And yes, I actually have fired guns, doing target practice, and yes, it was fun and exciting to do so. The feeling of that kick in your hand, followed the “thwap” of the bullet hitting the target is powerful.

But, for me, it was really only a power I needed over some paper targets stuck up on a dirt berm on a friend’s family ranch in the middle of nowhere. Over a person? Nah. Never. There are betters methods of defense.

I have two very direct contacts with guns in my life, both of which oddly enough involve my father. In the first, I’m in my early teens, and discover, in a cardboard box on the top shelf of the linen closet at the end of the hall, two of his war-time souvenirs: a small pair of binoculars and a service revolver.

Both of them have taken on a green patina since they were decades old by this point, but I sneak them out of the box and into my room because — teenage boy, interesting shit.

The revolver is not loaded, which I confirm by figuring out how to swing open the cylinder by pulling the release at the front of the frame, then spinning it to see that all six chambers are empty. Then closing it back up, cocking the cylinder, and… click.

In my mind, my interest is more historical than anything else. Why did my dad have a gun in the war? What did he see through the binoculars? Did he ever kill anyone?

When I got bored, they went back into the box, and I thought nothing of it until later, when I went back up to grab them a year or two later and… gone. The binoculars were still there, but the gun had vanished.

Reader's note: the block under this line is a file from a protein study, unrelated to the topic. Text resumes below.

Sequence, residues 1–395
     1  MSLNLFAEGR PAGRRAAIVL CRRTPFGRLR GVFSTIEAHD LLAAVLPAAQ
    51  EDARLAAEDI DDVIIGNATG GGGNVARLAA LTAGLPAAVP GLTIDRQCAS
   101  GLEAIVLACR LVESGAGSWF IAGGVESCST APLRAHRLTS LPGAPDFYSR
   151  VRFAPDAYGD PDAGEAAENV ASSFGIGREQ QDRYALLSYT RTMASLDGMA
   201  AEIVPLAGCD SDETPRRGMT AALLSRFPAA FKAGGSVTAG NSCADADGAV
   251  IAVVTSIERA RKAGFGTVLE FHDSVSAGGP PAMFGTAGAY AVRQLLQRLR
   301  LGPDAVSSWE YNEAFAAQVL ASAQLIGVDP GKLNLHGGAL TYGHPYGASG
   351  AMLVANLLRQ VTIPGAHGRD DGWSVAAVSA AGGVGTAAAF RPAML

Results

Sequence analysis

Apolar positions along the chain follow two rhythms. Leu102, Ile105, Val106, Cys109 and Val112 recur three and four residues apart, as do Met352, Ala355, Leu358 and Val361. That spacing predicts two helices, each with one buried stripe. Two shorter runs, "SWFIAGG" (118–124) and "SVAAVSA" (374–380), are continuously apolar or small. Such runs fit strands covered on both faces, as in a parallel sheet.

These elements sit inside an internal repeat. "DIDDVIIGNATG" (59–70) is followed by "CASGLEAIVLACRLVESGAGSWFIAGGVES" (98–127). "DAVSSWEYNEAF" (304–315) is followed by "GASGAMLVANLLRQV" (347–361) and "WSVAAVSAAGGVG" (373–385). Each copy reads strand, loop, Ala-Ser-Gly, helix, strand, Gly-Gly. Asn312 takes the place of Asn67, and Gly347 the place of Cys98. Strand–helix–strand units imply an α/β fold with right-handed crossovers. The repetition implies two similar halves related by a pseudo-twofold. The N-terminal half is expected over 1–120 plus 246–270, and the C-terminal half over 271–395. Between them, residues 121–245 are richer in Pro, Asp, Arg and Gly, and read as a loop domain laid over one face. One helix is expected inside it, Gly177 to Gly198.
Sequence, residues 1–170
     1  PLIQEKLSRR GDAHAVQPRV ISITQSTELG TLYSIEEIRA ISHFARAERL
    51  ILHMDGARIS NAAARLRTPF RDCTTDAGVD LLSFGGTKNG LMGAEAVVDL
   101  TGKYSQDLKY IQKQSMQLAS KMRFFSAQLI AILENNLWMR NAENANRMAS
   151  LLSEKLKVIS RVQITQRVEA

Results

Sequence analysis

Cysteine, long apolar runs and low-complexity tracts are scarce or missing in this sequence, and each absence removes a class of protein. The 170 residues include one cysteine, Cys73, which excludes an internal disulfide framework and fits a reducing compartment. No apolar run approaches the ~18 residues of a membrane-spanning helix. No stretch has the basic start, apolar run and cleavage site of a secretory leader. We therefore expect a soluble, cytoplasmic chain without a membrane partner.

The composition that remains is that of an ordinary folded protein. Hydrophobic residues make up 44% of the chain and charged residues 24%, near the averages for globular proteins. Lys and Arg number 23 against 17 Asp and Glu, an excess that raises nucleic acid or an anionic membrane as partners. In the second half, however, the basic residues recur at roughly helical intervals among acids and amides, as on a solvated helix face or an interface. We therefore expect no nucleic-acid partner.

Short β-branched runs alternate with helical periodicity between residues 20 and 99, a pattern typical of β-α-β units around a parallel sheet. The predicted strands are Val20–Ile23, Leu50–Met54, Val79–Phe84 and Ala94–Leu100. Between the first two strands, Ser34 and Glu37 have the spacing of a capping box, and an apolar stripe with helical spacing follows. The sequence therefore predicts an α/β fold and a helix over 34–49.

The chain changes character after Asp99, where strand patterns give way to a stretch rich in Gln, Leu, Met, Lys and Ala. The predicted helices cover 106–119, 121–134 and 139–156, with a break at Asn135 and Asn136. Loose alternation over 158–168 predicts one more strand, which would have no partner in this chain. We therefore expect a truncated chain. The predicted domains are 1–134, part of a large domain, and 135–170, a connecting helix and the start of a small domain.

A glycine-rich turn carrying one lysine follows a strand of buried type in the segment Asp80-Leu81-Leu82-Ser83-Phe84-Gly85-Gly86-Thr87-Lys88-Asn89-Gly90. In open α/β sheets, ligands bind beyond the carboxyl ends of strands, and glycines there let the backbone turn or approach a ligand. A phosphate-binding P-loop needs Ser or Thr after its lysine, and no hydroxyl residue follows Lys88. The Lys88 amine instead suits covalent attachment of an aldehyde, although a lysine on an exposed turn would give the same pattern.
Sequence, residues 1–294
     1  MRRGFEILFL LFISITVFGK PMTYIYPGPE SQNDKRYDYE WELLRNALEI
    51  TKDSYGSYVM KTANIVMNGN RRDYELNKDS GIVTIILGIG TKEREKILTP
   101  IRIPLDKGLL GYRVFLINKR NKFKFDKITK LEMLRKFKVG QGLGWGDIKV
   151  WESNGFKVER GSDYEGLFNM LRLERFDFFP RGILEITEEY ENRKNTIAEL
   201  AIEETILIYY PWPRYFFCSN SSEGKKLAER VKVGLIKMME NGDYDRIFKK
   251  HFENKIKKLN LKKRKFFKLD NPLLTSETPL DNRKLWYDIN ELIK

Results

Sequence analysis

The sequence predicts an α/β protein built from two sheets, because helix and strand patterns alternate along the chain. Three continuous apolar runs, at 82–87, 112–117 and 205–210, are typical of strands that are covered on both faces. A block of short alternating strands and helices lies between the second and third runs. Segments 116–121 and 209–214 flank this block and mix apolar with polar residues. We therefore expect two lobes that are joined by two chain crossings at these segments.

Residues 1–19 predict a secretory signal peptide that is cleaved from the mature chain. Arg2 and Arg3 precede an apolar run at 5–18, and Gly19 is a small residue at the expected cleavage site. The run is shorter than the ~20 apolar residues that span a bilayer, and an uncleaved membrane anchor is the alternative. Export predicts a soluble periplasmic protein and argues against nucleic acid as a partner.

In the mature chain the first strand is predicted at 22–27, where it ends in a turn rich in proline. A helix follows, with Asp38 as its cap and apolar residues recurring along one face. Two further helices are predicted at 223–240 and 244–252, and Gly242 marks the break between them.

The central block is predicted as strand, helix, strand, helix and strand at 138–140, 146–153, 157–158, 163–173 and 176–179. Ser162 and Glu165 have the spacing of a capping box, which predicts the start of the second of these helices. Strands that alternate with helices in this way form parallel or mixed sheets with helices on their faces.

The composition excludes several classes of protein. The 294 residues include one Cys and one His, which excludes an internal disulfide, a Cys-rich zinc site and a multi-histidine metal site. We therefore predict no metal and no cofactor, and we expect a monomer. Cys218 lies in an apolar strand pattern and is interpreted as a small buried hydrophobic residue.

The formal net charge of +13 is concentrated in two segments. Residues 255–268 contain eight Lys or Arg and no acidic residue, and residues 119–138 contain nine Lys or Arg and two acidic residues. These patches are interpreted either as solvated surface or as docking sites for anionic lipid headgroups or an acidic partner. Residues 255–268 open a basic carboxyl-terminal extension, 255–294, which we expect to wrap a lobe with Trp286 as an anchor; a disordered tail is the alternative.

I never said anything to my parents about it, and they never said anything either, but I would guess that it was my mother who told my father, “Get rid of this” once they figured out I’d found it.

My other gun story with my dad takes place near the end of his life. Mom was long dead and, to be brutally honest, my father was always a racist fuck. Fortunately, I escaped that by growing with such diverse friends that I didn’t even have any idea that race, religion, native language, gender, or whatever was even a thing.

Dad, not so much.

So… around the turn of the century and just before Alzheimer’s swooped in, he one day proudly pulled out a fancy walnut box, opened it, and showed me the gun he’d bought. It was a 9 mm, I forget what stupid amount he told me he paid, but then he told me he’d obtained it in case the (record scratch… oh, Dad, fuck no, you did not just say… Oh shit. You did.) showed up.

Yeah, my dad was fucking racist as hell, and now he was armed. And all I could think was, “Okay, how long is it going to be before I see him on the news being arrested for shooting the mailman?”

It got worse as his dementia ascended, and especially when he started accusing me  of suddenly materializing in the middle of the street with my friends and having loud parties in the middle of the night when I’d been nowhere near the house.